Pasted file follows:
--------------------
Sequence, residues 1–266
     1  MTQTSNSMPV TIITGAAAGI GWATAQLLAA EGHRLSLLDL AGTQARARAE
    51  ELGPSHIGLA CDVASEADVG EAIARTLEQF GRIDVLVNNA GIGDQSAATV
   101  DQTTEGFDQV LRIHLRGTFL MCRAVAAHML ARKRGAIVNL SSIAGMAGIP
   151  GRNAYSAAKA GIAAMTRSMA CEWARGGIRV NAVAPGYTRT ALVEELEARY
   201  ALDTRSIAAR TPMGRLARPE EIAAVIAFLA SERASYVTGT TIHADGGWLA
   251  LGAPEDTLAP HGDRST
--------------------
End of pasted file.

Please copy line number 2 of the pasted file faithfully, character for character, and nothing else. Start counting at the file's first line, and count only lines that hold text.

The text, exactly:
     1  MTQTSNSMPV TIITGAAAGI GWATAQLLAA EGHRLSLLDL AGTQARARAE